These big, beautiful birds love to cuddle, but also need playtime on their own. While hyacinth macaws are playful, loving and sweet pet birds, they can also be demanding and headstrong. Hyacinth macaws will play with anything, sing, hop around, toss their toys from the playgym as if they’re King Kong, and then appreciate a nice round of applause. Their large size should not be mistaken for a lack of love and affection. On the contrary, the hyacinth macaw, the largest of the macaws, enjoys cuddling and showing affection. This pet bird can be loud and likes to destroy their toys, so be prepared to have plenty on hand. The hyacinth macaw is known for lunging forward, but that action should not be misinterpreted as aggression. Experienced owners suggest hanging a large, Swiss wooden cow bell to provide hours of entertainment for your macaw.
Chewing and biting are common behavior problems among hyacinth macaws. Over-stimulation during an activity might cause an unnecessary bite. They are prolific chewers and susceptible to overgrown beaks, so provide wood and other hard toys to give their beaks a work out. They are also susceptible to papillomas, proventricular dilatation disease (PDD, also known as “macaw wasting” disease), polyomavirus, psittacosis and vitamin-A sensitivity. Exposure to natural sunlight is also important. Because of their size and activity level, hyacinth macaws require a higher fat and higher carbohydrate diet than other macaws. Macadamia nuts should be included in their base diet of pellets, fresh fruits, vegetables and whole grains. Owners often face the challenge of keeping up with their active hyacinth macaws.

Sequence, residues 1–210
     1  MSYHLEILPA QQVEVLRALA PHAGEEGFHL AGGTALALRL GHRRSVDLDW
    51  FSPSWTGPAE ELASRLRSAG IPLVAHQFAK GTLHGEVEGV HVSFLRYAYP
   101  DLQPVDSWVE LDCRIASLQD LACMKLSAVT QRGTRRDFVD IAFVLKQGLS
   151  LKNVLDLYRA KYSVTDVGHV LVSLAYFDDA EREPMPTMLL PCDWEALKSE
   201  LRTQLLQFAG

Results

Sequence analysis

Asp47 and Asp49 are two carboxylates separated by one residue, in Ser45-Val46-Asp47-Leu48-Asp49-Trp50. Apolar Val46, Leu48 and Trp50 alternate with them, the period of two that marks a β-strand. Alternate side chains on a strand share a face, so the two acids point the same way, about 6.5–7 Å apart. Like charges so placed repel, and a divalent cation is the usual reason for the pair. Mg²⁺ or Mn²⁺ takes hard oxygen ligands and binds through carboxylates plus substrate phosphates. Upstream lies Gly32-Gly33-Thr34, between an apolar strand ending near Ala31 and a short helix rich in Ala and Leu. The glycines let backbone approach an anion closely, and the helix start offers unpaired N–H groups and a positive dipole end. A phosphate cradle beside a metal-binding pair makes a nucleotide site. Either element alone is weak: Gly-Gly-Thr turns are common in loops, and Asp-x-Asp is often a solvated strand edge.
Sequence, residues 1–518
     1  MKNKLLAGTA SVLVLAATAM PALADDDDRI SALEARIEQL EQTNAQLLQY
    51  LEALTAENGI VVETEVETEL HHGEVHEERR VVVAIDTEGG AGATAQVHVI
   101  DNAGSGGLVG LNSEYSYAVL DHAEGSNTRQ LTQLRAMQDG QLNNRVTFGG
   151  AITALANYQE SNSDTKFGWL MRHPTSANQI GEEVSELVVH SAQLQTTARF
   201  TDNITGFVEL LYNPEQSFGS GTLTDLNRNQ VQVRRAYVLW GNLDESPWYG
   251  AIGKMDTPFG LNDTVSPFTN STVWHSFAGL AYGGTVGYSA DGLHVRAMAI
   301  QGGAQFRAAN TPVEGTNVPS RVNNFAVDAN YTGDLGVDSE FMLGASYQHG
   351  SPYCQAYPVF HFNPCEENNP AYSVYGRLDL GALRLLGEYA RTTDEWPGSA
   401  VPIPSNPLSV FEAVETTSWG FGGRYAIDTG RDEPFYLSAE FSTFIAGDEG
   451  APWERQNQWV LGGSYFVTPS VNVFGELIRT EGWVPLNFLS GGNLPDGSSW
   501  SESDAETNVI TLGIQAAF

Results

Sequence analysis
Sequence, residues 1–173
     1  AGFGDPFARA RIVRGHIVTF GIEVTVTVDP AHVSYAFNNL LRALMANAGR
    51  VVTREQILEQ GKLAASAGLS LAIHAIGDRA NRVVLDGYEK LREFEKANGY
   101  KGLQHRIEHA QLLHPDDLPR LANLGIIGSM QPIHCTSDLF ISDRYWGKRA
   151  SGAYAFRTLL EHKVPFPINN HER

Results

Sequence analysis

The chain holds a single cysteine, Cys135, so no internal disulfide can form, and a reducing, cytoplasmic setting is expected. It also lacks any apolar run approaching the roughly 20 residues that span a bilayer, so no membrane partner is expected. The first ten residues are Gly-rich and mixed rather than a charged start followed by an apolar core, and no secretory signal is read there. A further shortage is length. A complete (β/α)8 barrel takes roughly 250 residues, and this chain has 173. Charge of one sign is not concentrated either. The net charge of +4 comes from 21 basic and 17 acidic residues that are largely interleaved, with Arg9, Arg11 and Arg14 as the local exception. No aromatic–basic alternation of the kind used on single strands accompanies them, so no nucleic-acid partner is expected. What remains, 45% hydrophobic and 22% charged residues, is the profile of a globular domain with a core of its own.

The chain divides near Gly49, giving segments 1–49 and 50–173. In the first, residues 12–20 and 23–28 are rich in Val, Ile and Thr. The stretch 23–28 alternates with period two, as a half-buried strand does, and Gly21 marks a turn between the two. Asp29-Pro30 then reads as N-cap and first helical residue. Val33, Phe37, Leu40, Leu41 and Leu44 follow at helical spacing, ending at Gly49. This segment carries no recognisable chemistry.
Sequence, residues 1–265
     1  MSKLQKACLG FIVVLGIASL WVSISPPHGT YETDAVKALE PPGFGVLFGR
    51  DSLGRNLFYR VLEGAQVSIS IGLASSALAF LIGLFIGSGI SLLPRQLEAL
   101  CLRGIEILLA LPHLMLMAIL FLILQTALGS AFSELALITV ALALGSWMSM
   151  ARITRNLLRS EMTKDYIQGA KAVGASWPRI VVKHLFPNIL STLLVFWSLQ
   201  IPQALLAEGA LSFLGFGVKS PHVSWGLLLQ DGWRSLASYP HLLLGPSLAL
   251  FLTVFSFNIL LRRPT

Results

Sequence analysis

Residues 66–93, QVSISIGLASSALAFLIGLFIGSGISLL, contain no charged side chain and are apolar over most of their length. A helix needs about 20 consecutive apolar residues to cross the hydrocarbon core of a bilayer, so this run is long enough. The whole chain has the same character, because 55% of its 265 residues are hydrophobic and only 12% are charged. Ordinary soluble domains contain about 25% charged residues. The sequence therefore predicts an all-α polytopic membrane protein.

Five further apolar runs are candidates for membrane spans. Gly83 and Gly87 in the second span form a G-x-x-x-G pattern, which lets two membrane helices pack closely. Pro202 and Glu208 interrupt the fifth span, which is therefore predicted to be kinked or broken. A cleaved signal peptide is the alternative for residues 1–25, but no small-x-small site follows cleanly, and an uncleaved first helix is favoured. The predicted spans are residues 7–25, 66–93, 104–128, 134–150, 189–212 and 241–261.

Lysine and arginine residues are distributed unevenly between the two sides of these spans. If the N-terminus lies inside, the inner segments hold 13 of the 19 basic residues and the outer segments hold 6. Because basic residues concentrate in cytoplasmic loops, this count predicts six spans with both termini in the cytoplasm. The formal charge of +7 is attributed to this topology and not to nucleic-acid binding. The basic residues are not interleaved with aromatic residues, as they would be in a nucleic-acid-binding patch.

“Rowdy, loving, intelligent, LOUD and expensive!”
Liz Wilson, CVT, CPBC
“The king of the macaw family and the largest of the macaw, also the absolute sweetest of the macaw family. Their huge heads and beak are formidable, however, they very rarely are aggressive. These are my favorite macaws to work with, partly due to their great disposition and more importantly their majesty. Must have high-fat nuts, preferably palm nuts, in their diets.”
Samuel Vaughn, DVM, Dip. ABVP – Avian Practice